Leaving Apple & Google: /e/ first beta is here!
Less than a year ago, I posted a serie of articles “Leaving Apple & Google…” [part 1, part 2, part 3] to announce that I was planning to create a smartphone OS. A new OS that would:
- be free from Google (no Google services, no Google search, no Google Play store, etc.)
- be far more respectful of user’s data privacy
- be attractive enough so that Mom and Dad, children and friends would enjoy using it even if they aren’t technophiles or geeks
Today we release a first beta of what we have done so far to make the initial vision a reality.
This release has been made possible because of the great support from many people, and I would especially like to thank:
- all the /e/ backers since the beginning- supporters from Kickstarter, Indiegogo and Patreon campaigns. Without your financial contribution and trust, none of this would have been possible.
- all the great developers I have been working with for 6 months now. You have been doing a great job and I’m proud to work with such talented people.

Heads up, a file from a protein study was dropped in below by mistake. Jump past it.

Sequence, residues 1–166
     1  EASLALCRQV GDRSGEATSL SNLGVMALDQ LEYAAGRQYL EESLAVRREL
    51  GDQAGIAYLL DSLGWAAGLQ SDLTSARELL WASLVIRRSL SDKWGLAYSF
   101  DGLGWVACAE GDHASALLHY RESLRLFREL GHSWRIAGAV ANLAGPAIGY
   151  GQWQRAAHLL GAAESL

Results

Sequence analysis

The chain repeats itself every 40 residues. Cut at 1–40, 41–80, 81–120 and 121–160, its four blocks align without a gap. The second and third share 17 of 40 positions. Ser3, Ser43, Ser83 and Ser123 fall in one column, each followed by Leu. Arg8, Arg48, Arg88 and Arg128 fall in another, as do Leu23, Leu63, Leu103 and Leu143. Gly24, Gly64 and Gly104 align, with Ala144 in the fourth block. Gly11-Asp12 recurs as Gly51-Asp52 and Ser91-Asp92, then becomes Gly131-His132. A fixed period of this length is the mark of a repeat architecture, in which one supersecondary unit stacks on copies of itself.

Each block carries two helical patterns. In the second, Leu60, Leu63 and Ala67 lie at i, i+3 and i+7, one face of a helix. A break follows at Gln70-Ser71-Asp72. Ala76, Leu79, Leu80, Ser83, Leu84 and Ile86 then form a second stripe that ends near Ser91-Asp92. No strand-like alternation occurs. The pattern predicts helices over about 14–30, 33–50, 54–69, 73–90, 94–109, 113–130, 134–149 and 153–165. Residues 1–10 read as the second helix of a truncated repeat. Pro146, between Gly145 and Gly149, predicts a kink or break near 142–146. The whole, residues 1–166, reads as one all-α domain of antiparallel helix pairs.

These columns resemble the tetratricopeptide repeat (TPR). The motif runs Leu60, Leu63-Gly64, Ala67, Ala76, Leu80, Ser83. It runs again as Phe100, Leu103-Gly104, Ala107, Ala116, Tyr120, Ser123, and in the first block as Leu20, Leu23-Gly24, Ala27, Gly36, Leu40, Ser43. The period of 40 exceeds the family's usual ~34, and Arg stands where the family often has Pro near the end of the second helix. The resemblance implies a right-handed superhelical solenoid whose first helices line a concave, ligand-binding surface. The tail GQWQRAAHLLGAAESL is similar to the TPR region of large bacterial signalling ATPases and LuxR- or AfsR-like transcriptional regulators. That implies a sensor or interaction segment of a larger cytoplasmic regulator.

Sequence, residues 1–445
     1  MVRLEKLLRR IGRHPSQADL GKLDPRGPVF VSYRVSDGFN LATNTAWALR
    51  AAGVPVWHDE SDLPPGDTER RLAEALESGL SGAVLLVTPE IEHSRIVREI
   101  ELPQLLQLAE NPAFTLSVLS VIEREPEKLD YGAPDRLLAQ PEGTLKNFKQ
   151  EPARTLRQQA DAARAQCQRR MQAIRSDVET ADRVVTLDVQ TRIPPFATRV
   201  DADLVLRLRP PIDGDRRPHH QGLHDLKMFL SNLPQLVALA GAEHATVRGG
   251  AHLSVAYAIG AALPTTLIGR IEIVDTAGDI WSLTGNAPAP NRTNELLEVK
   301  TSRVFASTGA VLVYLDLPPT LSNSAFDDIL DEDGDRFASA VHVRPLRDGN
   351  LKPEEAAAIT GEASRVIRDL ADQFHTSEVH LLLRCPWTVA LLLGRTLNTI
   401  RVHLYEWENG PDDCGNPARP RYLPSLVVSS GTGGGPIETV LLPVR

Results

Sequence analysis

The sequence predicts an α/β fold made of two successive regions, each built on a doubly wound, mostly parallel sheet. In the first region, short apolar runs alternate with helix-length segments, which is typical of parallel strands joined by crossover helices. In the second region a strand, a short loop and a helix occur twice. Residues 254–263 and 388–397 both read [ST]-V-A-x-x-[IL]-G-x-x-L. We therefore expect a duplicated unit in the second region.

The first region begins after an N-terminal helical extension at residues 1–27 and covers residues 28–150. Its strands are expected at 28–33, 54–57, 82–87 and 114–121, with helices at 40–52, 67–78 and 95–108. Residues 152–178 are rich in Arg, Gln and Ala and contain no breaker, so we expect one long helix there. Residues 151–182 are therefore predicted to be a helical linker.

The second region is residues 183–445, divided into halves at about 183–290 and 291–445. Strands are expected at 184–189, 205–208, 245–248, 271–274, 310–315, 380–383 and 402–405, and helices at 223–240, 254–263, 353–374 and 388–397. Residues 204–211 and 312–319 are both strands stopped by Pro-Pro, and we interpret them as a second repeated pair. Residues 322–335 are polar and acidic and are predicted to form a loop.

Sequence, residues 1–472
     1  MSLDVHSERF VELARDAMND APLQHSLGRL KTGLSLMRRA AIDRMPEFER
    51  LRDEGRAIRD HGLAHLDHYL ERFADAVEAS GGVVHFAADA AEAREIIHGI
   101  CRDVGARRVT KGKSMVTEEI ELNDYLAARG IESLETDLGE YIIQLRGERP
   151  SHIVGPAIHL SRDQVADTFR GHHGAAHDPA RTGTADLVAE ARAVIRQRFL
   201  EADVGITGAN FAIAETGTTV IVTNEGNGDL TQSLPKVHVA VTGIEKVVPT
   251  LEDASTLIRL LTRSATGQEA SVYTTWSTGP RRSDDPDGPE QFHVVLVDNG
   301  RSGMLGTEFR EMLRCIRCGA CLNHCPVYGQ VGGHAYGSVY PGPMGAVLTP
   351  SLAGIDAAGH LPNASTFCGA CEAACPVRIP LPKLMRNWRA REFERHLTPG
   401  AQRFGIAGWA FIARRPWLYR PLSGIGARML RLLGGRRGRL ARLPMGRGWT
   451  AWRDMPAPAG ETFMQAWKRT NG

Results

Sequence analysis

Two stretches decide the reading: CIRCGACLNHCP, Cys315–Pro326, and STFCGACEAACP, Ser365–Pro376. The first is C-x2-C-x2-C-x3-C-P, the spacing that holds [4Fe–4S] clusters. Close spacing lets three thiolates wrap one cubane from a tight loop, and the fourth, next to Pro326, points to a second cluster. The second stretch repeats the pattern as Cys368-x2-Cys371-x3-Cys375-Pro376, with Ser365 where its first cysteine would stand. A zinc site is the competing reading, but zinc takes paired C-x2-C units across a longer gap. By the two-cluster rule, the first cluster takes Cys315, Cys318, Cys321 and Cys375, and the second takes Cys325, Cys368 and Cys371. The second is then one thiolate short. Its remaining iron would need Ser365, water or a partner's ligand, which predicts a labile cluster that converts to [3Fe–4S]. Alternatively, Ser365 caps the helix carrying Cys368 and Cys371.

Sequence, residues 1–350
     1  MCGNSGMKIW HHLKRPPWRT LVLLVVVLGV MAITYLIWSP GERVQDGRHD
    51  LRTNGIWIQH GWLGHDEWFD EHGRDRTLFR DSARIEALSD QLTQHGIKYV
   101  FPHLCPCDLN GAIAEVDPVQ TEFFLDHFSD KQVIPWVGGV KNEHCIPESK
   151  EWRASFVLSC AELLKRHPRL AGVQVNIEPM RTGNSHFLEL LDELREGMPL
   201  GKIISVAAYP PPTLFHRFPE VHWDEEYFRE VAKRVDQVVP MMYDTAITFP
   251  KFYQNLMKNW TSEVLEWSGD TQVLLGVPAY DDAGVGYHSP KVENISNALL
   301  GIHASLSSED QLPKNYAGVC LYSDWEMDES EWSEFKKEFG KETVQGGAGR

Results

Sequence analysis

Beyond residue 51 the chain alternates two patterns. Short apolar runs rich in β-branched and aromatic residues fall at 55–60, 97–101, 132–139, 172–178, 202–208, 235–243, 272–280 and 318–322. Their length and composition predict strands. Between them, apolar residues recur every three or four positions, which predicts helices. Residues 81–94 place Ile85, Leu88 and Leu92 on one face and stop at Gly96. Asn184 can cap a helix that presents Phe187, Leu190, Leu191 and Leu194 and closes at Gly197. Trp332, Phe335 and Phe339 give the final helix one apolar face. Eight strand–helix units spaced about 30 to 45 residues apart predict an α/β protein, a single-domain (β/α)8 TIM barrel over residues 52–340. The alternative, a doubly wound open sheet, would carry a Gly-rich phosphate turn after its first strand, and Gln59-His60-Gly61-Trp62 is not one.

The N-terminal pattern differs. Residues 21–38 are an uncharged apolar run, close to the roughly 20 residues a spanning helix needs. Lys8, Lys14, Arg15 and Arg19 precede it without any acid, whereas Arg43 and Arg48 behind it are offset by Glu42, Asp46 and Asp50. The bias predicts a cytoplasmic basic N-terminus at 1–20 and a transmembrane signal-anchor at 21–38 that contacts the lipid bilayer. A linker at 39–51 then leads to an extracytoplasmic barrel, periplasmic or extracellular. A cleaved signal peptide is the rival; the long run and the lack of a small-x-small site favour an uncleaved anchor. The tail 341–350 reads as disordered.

- all the contributors: developers, translators, content reviewers…
- my close team of “friend advisors” who have helped me to focus, shared some ideas and helped me to keep the view ahead clear
The initial plan (as described in our crowdfunding campaign) was to release a MVP (Minimal Viable Product) as a “degoogled” smartphone OS ROM forked from LineageOS (formerly CyanogenMod) with carefully selected default applications, a new user interface, and several dedicated online services integrated into the product.
At our current point of development, we have:
- an “/e/” ROM in Beta stage: forked from LineageOS 14.1, it can be installed on several devices (read the list). The number of supported devices will grow over time, depending on more build servers and more contributors who can maintain or port to specific devices (contributors welcome). The ROM includes microG configured by default with Mozilla NLP so users can have geolocation functionality even when GPS signal is not available.
- a new user interface: BlissLauncher has original icons and support for widgets (weather widget implemented), and auto icon sizing based on screen pixel density
BlissLauncher with default apps in /e/
- a set of new default applications: the mail app is a fork of K9-mail with OAuth support, the SMS app is Signal, the chat application is Telegram (or you can use Signal for chats), along with a weather app, a note app, a tasks app and a maps app(*).